Northwestern Study on Rituximab Serves Up Scary Reminders

A recent study linking rituximab to a fatal brain virus in the journal Blood is a reminder that no matter the excitement caused by new drugs or therapies, we need to practice a certain degree of due diligence before undergoing them ourselves or allowing loved ones to do so.

The study, out of Northwestern University's Feinberg School of Medicine and led by Dr. Charles Bennett and his innovative RADAR Project (Research on Adverse Drug Events and Reports), linked rituximab to progressive multifocal leukoencephalitis (PML), a fatal brain disease that is often misdiagnosed as early-stage Alzheimer's.

Just a few days ago I wrote about the results of a review by the prestigious Cochran Library, which strongly advocated rituximab to patients with follicular lymphoma.

The Cochran review only confirmed for many what they already knew—that for many lymphoma patients, rituximab has been nothing short of a game-changer.

The RADAR project's findings, meanwhile, only added weight to what some have feared to be true since 2006—that for some people, rituximab might be life-threatening.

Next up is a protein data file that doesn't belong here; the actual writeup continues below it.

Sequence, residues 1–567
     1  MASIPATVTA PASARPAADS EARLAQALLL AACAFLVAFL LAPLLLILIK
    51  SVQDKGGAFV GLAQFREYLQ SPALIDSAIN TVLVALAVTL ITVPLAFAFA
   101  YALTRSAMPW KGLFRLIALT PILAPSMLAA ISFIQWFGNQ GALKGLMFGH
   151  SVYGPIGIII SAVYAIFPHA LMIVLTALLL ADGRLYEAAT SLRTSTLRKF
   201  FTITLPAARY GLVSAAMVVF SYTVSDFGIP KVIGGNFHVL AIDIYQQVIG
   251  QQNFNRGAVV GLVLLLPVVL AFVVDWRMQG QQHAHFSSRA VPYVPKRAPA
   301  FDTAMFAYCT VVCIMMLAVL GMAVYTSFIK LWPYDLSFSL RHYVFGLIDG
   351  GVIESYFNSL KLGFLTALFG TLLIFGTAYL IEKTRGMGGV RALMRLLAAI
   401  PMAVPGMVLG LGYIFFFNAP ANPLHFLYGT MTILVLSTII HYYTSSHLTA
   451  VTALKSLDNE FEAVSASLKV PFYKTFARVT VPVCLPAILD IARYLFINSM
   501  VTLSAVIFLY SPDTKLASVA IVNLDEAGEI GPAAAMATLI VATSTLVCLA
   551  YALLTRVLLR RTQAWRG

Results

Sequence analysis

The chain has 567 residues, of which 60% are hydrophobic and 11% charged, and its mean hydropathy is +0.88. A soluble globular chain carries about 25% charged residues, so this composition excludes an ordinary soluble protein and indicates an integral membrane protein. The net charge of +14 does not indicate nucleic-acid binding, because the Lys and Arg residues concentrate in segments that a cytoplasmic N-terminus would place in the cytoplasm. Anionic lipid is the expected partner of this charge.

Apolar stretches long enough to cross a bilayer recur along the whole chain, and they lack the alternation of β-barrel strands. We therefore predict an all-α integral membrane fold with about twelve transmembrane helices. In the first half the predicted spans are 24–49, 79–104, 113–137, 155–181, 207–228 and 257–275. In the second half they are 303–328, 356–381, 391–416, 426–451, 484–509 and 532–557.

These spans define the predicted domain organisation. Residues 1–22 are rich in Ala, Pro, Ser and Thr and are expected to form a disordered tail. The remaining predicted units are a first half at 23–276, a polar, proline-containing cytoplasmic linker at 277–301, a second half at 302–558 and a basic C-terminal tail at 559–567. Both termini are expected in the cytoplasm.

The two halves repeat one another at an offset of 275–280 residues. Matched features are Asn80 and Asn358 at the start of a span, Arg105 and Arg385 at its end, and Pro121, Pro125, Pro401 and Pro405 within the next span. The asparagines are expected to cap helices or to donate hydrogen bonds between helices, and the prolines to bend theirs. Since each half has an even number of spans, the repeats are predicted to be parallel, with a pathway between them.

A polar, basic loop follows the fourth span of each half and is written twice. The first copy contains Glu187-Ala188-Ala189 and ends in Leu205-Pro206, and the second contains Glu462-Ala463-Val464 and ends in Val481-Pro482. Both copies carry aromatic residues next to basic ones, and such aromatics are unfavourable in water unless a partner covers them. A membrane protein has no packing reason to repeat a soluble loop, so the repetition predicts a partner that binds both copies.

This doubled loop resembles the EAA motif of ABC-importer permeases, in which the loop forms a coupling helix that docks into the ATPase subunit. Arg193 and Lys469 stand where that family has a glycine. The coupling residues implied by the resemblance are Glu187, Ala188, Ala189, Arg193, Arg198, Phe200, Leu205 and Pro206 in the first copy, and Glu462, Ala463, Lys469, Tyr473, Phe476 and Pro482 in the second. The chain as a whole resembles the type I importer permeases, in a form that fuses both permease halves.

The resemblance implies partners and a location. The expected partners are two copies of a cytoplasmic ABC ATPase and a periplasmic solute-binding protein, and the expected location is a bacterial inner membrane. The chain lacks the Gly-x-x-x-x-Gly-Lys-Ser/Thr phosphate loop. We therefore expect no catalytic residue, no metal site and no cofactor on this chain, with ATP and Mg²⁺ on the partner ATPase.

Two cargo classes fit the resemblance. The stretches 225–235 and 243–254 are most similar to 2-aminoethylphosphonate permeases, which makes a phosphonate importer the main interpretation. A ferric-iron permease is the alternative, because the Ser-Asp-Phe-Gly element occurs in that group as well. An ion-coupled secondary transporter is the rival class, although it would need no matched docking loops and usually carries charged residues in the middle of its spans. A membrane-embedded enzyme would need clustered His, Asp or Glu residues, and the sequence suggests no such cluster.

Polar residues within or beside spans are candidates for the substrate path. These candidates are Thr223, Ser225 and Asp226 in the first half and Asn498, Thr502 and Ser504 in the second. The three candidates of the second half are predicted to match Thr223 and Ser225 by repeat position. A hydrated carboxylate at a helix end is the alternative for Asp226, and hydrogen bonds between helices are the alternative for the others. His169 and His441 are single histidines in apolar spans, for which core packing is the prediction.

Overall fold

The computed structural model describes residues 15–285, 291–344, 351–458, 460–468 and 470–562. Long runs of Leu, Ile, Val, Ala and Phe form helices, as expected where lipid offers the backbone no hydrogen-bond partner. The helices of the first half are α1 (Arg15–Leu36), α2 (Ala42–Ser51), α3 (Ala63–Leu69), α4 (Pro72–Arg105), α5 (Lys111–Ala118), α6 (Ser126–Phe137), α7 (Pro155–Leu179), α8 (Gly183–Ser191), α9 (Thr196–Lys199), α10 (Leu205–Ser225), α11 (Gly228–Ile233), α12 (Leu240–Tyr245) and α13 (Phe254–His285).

However, it's too early to say how rituximab and PML might be linked, or which potential patients might be at risk.

Lymphoma patients aren't the only ones who have benefitted from rituximab; people with rheumatoid arthritis as well as (off-label) those with multiple sclerosis, lupus and anemia have too. What's frightening is that rituximab is now the third monoclonal antibody to be linked with PML; the first was efalizumab (Raptiva), the next was natalizumab (Tysabri) . Both drugs were removed from the US market; Tysabri eventually returned, with new warnings.

As Dr. Bennett told Science Daily (my primary source for this blog entry), "People have been lulled into a false sense of security that this drug is harmless and that it only does good things. No drug is perfect."

Hallelujah. And thank goodness for the likes of the RADAR project (more on them later).

Bennett further recommended that all patients taking rituximab should be closely monitored for neurological symptoms that might indicate PML, including 'forgetfulness, disorientation or mood changes'.

Sources:
--Science Daily's report on rituximab and PML
--UPI piece announcing Raptiva's removal from the US market
--Biogen letter announcing changes to Tysabri's safety and confirming its return to the US market.
--MedScape piece about projects like RADAR that try to bring adverse drug events (ADE) to publication sooner than they would otherwise be.

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